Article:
Facts and judicial history

The Supreme Court of Canada has rendered a decision which is likely to generate a lot of commentary in the Canadian class action scene. On December 12, 2013, the Court issued a ruling in the case of AIC Limited v. Fischer1 (hereinafter ''Fischer''), now frequently referred to as the ''market timing decision''. While the issue of market timing has given rise to class actions in several Canadian provinces, the case in question originated in Ontario, and the Court's unanimous decision2 was based on the applicable class action rules in Ontario, as set out in that province's Class Proceedings Act, 1992 (the ''C.P.A.'').3 In this decision, the Supreme Court ultimately gives the green light to the certification of a class action instituted by numerous investors, represented by Mr. Fischer, against two mutual fund managers (AIC Limited and CI Mutual Funds Inc.), who engaged in market timing. This practice consists of attempting to predict the direction of the market based on short-term economic indicators and making purchase and sale decisions of securities based on these predictions. It is a risky practice which can be prejudicial to the long-term value of investments.

The primary interest of this decision is the Court's holding on the so-called ''preferable procedure'', or preferability, criterion. According to this criterion, the court must assess whether, in the circumstances of the specific case, the certification of a class action is ''preferable'' to other means for the members of the proposed class to obtain redress. In other words, the court must determine whether a class action is the preferable procedure to resolve the common issues.

In Fischer, the Court decided that the class action could proceed even though the mutual fund managers involved in the proceeding had already concluded a settlement agreement with the Ontario Securities Commission to reimburse the investors for a certain percentage of their losses as a result of the said market timing activities. This settlement agreement was concluded in the context of a parallel regulatory proceeding to which the investors who were members of the class in the proposed class action were not parties.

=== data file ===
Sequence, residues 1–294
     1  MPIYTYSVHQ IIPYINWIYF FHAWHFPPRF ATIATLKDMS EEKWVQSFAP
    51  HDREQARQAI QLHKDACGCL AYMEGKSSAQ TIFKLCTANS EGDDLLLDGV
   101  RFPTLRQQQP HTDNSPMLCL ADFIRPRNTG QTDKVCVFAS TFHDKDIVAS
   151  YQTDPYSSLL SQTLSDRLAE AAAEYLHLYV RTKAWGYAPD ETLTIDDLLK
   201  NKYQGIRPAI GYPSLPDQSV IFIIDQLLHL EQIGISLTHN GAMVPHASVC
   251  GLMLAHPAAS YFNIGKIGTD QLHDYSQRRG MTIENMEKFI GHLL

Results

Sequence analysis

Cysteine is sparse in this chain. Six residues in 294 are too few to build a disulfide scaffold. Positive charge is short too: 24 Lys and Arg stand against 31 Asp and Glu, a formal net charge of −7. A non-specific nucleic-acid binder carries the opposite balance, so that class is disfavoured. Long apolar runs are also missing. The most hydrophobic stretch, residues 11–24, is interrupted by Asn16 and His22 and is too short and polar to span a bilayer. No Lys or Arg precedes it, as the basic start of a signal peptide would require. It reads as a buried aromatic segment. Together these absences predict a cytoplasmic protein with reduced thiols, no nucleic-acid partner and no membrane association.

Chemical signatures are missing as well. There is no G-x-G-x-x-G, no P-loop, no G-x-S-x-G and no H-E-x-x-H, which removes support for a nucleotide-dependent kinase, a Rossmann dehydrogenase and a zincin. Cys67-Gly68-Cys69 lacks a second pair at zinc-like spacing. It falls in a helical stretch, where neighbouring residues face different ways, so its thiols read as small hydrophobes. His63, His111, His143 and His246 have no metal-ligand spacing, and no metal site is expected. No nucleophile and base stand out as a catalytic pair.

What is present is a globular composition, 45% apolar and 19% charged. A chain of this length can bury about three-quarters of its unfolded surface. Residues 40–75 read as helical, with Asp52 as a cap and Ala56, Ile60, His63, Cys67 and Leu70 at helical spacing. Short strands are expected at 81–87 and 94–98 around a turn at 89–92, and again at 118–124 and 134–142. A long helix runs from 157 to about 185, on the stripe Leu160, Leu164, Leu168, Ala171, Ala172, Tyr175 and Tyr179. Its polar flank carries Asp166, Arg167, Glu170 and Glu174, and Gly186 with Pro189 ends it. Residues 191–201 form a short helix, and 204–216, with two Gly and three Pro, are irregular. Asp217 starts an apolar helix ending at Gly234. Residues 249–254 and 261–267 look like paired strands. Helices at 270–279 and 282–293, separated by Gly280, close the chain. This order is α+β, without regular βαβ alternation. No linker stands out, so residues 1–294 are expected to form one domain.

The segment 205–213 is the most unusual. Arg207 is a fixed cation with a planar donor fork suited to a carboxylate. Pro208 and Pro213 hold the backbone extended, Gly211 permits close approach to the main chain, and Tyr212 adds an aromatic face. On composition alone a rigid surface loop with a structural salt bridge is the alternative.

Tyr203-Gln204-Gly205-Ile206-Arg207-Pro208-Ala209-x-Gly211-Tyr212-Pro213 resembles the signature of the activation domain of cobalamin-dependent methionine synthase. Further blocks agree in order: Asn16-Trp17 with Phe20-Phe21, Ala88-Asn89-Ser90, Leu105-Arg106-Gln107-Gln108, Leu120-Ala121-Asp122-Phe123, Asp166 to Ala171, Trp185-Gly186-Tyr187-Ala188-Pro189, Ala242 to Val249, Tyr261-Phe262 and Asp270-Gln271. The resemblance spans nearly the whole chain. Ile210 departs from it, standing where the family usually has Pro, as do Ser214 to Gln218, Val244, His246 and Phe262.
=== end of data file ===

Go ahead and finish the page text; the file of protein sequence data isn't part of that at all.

The Court therefore held that this parallel regulatory proceeding was not a preferable procedure capable of barring the certification of the class action, which was nevertheless the preferable procedure for resolving the common issues.

The judge at first instance,4 noting that the members of the proposed class had already received monetary compensation, refused to certify the class action because he found that, under the circumstances, it was not the preferable procedure within the meaning of section 5(1)(d) of the C.P.A.

This decision was appealed to the Ontario Divisional Court5 which allowed the appeal, overturning the first judge's decision. The Ontario Court of Appeal,6 in turn, dismissed the subsequent appeal, agreeing with the outcome in the Divisional Court, but for different reasons.

For its part, the Divisional Court would have certified the class action based on a comparison of the amount of the compensation paid as a result of the regulatory proceeding with the amount of the damages claimed in the proposed class action. By virtue of this comparison, the Court concluded that the class members would still be able to recover a substantial amount in the class-action proceeding and, therefore, that the proceeding before the OSC could not be regarded as preferable to the proposed class action.

While the Ontario Court of Appeal confirmed this conclusion of the Divisional Court, it based its decision on a comparison between the class action and the regulatory proceeding — the procedural rights afforded the proposed class members in the class action stood in contrast to their limited ability to participate in the regulatory proceeding. It therefore held that the analysis followed by the court in determining whether a class action is the preferable procedure in a given case must include a component which addresses the procedural rights afforded to the members of the proposed class.

The Supreme Court of Canada's decision and the importance of the access to justice criterion